200,000 hectares of endangered species habitat approved for destruction

·Environment Editor
·4-min read
  • Koalas lost more habitat than any other species

  • 200,000 hectares approved for destruction in 10 years

  • Government questions accuracy of report

A major investigation has found 200,000 hectares of endangered species habitat has been green-lit for destruction over the last decade by the Federal Government.

Areas supporting koalas, spot-tailed quolls, gliders and swift parrots were among those earmarked to be cleared, a new report by Australian Conservation Foundation (ACF) alleges.

Researchers concluded approximately 72 per cent of the approved area was for mining projects, followed by transport, residential development and energy supply.

Left - a mining explosion. Right - a koala crossing the road.
Mining accounted for the greatest loss of endangered species habitat, the report found. Source: Getty (File)

The majority of habitat loss occurred in Queensland, which continues to be one of the world's most infamous logging hotspots.

In December, a report from WWF-Australia found state and federal approved clearing in Queensland has the potential to derail Commonwealth carbon reduction commitments.

Government questions accuracy of habitat destruction report

Federal Environment Minister Sussan Ley's office struck back at the accuracy of AFC's findings, calling their report a "desktop survey" which only looks at one aspect of their approvals process.

"It does not take into account the final determinations, offset requirements or the provisions put in place to protect species, nor how much clearing may or may not ultimately have taken place," a spokesperson said

They added all land clearing proposals are "fully assessed" and then impacts are either "avoided, mitigated or offset".

Offset strategies and threatened species data improvements are currently under review and will benefit from $128.5 million in government investment earmarked for environmental reform, they added.

Despite this, using mitigation or offsets remains contentious, and ACF argues the mechanisms are used to "facilitate unsustainable development".

Australia lagging behind United States, conservationists allege

Calling Australia a “world leader in annihilating nature”, campaigner Jess Abrahams said stronger laws are needed to stop “rampant wrecking of habitat”.

High profile and lesser known endangered species have had habitat destroyed. Source: ACF
High profile and lesser known endangered species have had habitat destroyed. Source: ACF

He argues that while the United States has had “great success” turning around the trajectory of threatened species, protections in Australia are failing.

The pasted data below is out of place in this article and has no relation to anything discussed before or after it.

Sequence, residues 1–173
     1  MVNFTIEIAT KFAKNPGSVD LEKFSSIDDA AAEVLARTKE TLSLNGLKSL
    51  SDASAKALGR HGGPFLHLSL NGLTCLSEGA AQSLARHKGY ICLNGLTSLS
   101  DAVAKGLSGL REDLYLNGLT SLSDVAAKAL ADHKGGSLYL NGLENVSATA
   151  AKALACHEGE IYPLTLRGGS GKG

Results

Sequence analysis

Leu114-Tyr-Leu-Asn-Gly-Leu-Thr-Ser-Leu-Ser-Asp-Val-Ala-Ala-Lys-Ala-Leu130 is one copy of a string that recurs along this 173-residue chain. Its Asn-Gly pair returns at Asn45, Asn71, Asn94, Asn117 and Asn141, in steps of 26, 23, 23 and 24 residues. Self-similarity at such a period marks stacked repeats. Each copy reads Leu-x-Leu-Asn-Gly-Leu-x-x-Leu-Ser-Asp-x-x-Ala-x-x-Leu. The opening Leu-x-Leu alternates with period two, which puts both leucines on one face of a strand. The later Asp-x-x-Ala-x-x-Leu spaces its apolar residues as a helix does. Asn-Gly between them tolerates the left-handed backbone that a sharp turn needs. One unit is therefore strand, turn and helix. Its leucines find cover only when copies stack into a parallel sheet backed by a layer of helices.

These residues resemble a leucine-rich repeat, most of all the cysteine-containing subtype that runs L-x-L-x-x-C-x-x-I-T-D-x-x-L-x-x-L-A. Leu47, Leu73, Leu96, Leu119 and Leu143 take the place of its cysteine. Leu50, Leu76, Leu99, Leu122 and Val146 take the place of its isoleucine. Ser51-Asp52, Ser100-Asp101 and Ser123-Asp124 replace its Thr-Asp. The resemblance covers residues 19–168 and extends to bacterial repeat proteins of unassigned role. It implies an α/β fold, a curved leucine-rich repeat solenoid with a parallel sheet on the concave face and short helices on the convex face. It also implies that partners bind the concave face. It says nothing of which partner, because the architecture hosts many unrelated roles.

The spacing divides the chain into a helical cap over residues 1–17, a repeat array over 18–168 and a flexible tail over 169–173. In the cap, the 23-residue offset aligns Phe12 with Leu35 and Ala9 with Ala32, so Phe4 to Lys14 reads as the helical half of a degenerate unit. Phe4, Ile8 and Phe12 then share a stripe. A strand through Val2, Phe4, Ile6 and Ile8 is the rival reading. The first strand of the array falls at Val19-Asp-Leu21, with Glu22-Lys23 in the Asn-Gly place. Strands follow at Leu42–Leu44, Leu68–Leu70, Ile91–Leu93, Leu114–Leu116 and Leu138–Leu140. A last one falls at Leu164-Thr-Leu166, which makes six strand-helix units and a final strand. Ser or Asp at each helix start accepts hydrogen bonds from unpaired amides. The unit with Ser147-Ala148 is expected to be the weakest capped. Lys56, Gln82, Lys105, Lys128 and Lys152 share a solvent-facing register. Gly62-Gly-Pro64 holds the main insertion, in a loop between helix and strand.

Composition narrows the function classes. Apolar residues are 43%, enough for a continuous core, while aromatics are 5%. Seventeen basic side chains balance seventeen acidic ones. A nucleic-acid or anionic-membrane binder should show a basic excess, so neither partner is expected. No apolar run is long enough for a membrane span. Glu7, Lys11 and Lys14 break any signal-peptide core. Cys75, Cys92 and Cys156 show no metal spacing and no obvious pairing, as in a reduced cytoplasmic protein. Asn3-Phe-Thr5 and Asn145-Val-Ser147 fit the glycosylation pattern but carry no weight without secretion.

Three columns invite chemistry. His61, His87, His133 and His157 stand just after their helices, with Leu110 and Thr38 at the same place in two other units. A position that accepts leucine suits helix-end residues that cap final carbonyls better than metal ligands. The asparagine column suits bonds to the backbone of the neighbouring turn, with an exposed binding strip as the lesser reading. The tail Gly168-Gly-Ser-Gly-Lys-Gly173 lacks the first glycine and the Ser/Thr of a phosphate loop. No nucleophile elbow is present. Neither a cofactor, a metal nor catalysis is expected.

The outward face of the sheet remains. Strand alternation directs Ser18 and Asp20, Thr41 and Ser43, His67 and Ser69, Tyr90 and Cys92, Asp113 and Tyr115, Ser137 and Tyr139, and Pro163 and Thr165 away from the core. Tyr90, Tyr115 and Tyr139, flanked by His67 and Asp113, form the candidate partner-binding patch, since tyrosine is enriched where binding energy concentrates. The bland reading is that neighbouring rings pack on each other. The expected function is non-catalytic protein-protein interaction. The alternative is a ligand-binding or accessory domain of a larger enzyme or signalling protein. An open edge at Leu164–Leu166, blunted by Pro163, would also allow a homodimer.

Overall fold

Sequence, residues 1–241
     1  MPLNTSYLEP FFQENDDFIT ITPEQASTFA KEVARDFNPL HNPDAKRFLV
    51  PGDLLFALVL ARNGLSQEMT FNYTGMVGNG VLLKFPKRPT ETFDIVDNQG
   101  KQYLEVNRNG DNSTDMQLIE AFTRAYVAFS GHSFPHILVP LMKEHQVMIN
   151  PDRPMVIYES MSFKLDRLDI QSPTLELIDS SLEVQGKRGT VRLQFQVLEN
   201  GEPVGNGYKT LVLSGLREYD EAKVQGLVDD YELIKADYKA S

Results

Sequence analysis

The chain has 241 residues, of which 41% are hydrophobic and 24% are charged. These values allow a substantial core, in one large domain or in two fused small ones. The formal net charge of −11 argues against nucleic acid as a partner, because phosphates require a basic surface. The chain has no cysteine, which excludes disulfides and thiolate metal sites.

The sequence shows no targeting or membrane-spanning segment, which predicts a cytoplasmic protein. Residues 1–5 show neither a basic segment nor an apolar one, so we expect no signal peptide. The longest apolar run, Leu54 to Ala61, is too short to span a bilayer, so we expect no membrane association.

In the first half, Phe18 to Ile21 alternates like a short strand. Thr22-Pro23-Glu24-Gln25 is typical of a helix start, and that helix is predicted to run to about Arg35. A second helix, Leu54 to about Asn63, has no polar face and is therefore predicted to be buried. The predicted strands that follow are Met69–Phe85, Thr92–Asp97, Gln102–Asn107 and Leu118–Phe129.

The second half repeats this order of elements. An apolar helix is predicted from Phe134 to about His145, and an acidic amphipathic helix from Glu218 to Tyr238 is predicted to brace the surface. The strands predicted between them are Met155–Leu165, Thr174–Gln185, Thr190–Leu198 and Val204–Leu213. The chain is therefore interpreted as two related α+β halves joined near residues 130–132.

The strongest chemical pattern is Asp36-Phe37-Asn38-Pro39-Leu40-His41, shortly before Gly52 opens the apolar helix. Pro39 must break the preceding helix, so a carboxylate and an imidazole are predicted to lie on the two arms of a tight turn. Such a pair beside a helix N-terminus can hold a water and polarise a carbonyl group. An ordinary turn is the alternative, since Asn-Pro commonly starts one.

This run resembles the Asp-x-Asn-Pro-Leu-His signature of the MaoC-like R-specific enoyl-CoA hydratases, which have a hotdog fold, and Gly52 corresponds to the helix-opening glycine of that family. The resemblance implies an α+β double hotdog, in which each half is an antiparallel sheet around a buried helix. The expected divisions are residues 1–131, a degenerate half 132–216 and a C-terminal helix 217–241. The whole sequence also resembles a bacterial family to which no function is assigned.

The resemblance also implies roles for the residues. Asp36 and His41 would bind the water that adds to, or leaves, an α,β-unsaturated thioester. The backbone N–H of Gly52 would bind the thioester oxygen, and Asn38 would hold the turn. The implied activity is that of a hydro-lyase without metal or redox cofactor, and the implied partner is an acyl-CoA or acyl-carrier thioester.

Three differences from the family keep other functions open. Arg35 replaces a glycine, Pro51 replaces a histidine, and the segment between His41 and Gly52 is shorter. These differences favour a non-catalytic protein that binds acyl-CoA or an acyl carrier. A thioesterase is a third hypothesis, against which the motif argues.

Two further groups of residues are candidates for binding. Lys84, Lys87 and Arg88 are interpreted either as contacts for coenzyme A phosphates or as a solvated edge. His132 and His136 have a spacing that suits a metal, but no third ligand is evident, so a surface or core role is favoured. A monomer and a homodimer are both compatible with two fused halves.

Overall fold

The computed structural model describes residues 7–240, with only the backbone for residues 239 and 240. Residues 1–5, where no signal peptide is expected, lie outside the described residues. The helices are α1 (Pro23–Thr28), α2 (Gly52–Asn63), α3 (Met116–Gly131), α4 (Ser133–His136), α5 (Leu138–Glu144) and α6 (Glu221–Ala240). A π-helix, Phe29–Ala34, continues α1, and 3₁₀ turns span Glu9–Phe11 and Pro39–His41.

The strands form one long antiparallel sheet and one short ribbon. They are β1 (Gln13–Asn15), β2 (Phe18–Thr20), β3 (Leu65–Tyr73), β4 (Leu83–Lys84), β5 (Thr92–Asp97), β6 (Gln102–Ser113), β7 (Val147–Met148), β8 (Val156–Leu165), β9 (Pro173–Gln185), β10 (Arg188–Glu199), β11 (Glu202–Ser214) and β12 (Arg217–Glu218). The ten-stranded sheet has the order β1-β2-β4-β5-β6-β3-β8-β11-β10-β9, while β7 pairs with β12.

“We’re the only developed nation on the list of global deforestation hotspots and we’ve caused the extinction of more mammals than any other nation,” he said.

“More than 6,500 hectares of the habitat approved for demolition in the last ten years was home for species listed as critically endangered at the time of approval – one of which, the Christmas Island Pipistrelle, is now extinct.”

Koalas lose more habitat than any species

In February, ACF released a report which concluded 25,525 hectares of koala habitat had been approved for destruction by the Commonwealth.

Widening their search in March, they found a number of lesser known species have also lost parts of their home range between January 2012 and December 2021.

They charted the impact on 20 endangered species, including the red goshawk (24,270 hectares), southern squatter pigeon (17,622 hectares), ornamental snake (10,066 hectares) and greater glider (743 hectares).

Thousands of hectares of swift parrot habitat has been green-lit for destruction by the federal government. Source: AAP
Thousands of hectares of swift parrot habitat has been green-lit for destruction by the federal government. Source: AAP

While state-based logging projects and agriculture contribute to the most habitat loss, they generally don’t require federal scrutiny, so they were not included in ACF's findings.

With the rate of land clearing increasing, ACF investigator Kim Garratt accused the government of “not taking the extinction crisis seriously enough”.

Having spent four months trawling through and disseminating data, ACF say they are doing the job the government should be doing.

She said the data will now be released as a public resource and this she expects will result in further scrutiny.

A spokesperson for Minister Ley's office, responded, saying they are investing $47 million to improve transparency in project approvals.

They said their "deregulation agenda" will ensure "assessments are based on consistent data" and that an "integrated portal" will align content from the states, territories and the Commonwealth.

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